For physicians, good communication involves more than improving the physician-patient relationship . More and more physicians are seeing job dissatisfaction when working in the medical schools or clinical practices and this can be attributed to poor communication. Yet many of the values that we teach to enhance our communication with patients: active listening, empathy, negotiation, respect, etc. are the essentials for communication with peers, our clinical and administrative staff, trainees and the like.
As shown in this MSDN Healthblog post, “Good communication is crucial to physician and patient satisfaction,” by Bill Crounse, MD Senior Director, Worldwide Health, Microsoft, the author emphasize these same values that physicians feel are essential to workplace satisfaction may help improve office recruitment and retention as well. We also know on a personal level that “burnout” can be remedied by improving the sense of valuation by others that we as physicians need, and malpractice suits are lower when physicians learn how to better interact with their patients particularly as difficulties arise.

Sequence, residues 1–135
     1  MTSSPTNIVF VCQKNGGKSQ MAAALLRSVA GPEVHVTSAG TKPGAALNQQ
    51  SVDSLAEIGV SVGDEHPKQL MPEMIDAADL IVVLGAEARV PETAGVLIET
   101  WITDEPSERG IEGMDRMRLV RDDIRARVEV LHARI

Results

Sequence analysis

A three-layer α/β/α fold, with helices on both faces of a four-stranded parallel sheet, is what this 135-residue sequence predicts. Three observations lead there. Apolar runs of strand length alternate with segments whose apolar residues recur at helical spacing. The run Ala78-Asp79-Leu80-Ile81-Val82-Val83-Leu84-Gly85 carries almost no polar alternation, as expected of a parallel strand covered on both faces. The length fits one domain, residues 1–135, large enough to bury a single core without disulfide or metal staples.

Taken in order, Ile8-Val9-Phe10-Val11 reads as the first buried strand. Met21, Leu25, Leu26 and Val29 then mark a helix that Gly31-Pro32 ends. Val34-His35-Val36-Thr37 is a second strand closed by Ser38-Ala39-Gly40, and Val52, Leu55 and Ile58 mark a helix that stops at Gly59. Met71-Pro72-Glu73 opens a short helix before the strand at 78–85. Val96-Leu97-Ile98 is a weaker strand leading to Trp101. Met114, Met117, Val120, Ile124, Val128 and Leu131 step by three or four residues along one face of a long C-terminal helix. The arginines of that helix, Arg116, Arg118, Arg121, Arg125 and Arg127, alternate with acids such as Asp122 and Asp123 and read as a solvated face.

At DrossmanCare we believe that the fundamentals of communication that we teach have profound affects in all relationships as faculty, in the clinic and at work and home. Please consider our opportunities for you to improve your learning at www.drossmancenter.com
Dr. Douglas A. Drossman